Law Spot


Interested in the law and what’s going on around you, but find it all a bit confusing? Intrigued by the legal antics of other countries?

Law Spot is a regular column written by our legal current affairs experts. They’ve got a knack of explaining the law without the froth. Try them out.


Putting Tyrants on Trial

We have now seen Saddam Hussein in his first court appearance. What’s in store for him, and what rights should he have? We take a hard look at the law and prosecution of war crimes.

Blood transfusion confusion
Who can refuse medical treatment and when is consent required? What about when it’s a matter of life and death? A recent incident involving a Jehovah’s Witnesses required an examination of these issues.
Censorship on the net
The Federal Government has stepped into the online censorship debate with a provocative piece of legislation. All sides disagree – we take a long hard look at it all.
Clinton – a lawyer looks back
Now that we’ve heard from La Monica, let’s look back at what really happened and what they should have done – from an Australian point of view.
Clinton’s law
Clinton’s in hot water again. How did it get this far? Who is to blame? And what kind of legal system allows a faithless friend to secretly tape intimate conversations in order to prosecute a President? This Lawspot Special Report untangles the legal web. We also provide a link to the Starr report.
The court strikes back
The Attorney-General takes a swipe at outspoken judges. Should judges be allowed to have their say? Should the politicians protect the good name of the courts? Who’s right, who’s wrong? Read on.
Crime does pay
A Supreme Court Judge aborts a murder retrial because of allegedly prejudicial information on an internet site. Can anyone get a fair trial in the age of the internet?
The dating game
It’s a harsh world on the dating circuit, where looks and charm often count for more than we would like. But are we all equal before the law?
Death in Saudi
An Australian nurse dies in grisly circumstance in the Middle East. Claims and counter claims fly as a different style of justice is put on trial.
Defamation – sticks and stones
The Abbott and Costello case has all the makings of one of the most notorious court cases in recent times. But what does it all mean, and what does the law offer a person who claims to have been injured by way of the printed page? Get all the information you need right here.
In defence of Microsoft
Microsoft is every computer user’s whipping boy. We look at the law that has brought them undone – and yes, we jump to their defence!
DNA – Do Not Accept
A whole town agrees to be DNA tested in the pursuit of justice. Some of us wonder whether this is the right direction for a democratic society. We take a sober look at the issues.
Double jeopardy
Do the crime and do the time – but what if you do the crime and don’t do the time? Should the prosecution be able to have another shot at you, even if you’ve been acquitted once already?
Domaszewicz – the law on trial
Gregory Domaszewicz is not guilty of the murder of 14 month old Jaidyn Leskie. In conversations around a thousand water coolers, people question whether justice was done. In this month’s Lawspot we examine the evidence and draw some conclusions of our own.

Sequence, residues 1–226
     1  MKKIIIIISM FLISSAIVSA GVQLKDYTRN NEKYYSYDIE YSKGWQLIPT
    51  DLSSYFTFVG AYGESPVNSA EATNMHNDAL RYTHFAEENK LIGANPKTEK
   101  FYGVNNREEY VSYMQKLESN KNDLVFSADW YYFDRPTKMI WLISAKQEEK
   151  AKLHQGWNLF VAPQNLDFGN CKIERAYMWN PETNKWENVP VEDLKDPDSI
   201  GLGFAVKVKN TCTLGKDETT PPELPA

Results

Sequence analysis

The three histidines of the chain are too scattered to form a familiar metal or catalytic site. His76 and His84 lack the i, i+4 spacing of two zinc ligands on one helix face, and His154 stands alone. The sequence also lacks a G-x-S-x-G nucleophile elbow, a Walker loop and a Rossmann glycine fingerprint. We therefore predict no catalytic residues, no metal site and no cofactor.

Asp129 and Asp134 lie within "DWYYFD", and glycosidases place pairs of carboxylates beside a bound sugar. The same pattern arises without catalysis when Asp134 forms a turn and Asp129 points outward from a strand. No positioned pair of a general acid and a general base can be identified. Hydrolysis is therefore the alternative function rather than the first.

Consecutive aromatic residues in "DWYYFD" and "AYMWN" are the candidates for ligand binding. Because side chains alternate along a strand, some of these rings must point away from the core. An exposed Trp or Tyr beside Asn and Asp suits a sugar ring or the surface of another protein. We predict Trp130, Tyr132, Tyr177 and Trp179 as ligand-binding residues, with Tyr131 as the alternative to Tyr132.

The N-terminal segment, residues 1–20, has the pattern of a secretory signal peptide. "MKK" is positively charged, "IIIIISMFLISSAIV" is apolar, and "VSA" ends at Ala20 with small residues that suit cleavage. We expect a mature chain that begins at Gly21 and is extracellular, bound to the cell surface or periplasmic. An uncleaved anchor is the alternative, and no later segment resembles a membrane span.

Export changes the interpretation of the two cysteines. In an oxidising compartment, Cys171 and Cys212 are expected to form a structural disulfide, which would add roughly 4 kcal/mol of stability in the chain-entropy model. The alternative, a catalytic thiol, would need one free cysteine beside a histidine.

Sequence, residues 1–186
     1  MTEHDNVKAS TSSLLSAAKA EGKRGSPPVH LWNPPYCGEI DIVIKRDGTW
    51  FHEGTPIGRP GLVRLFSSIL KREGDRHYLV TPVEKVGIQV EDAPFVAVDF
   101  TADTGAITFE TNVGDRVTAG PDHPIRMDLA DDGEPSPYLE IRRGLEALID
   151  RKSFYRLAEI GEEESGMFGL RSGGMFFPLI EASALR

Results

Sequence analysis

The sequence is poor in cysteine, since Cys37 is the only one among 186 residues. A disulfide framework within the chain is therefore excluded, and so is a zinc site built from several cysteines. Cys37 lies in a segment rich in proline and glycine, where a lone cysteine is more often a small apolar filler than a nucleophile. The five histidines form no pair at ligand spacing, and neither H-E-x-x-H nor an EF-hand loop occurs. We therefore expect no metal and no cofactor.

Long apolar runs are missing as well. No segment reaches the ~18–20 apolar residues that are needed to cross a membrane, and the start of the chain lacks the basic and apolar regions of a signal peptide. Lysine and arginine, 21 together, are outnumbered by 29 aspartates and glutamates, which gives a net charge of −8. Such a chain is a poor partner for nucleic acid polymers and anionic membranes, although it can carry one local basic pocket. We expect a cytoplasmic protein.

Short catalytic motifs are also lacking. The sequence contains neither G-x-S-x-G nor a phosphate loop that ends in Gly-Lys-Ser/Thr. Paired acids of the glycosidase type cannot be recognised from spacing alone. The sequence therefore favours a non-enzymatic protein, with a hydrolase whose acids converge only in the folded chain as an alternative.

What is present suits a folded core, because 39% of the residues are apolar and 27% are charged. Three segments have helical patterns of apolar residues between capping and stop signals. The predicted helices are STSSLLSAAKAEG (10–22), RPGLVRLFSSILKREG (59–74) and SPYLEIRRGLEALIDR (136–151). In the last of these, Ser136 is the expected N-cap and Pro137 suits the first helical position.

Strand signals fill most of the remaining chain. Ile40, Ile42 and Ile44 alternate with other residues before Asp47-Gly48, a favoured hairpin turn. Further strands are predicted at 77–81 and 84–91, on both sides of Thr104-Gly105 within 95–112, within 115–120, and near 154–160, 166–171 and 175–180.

The drunk defence
You get so drunk you don’t know you’ve committed a crime – does that mean you’re not guilty of the crime? Believe it or not, you might just get away with it!
Euthanasia debate heats up
This month’s Lawspot deals with the case of Nancy Crick, who gathered supporters and friends to witness her death. Does the law against assisted suicide make sense?.
Family Court decides where children live
Should a divorced parent with custody be allowed to take a child interstate if it will be difficult for the other parent to remain in touch? The Family Court decides.
Father’s day at the Family Court 
The Family Court revisits the rights of children to live near both divorced parents – can a mother take her children to live overseas against the wishes of the father.
Gas Crisis – to the law we go
An explosion in gas plant in rural Victoria causes widespread disruptions in the Australian economy and a rude awakening to cold showers. What legal remedies are available?
Genetic gymnastics
It’s not all rosy in the Genome garden. A precautionary look at the potential abuses
Geoff Clark’s media trial
Was it right to publish allegations against ATSIC Chair Geoff Clark, or is he the victim of trial by media. Check it out in this month’s Lawspot.
The GG & the law
Who’s to blame for the crisis over the Governor-General? This month we look at the issues and come to some surprising conclusions.
Grisham v Gleeson
What is it that draws millions to popular legal culture? And what does it mean for online legal information providers?
Gun control – an Austalian perspective
Another American child is dead because a friend, a child himself, gained access to a gun. Why do Americans allow so many guns to circulate, and why doesn’t the law simply forbid the proliferation of these weapons. We take an Australian perspective.
Guilty…or not?
Two recent court cases highlight the vagaries of the criminal law. Can you be guilty of a crime committed by another person, or even your pet dogs? And can women be excused of murder after years of spousal abuse?
High Court rules on state taxes
It’s a bad day at the office for State Governments when the High Court rules against their favourite taxes. How did it come to this?
HIV & footy – the umpire decides
A landmark case in the Anti-Discrimination Tribunal sets the standard for thinking about HIV, sport and discrimination. We take a detailed look at the real issues.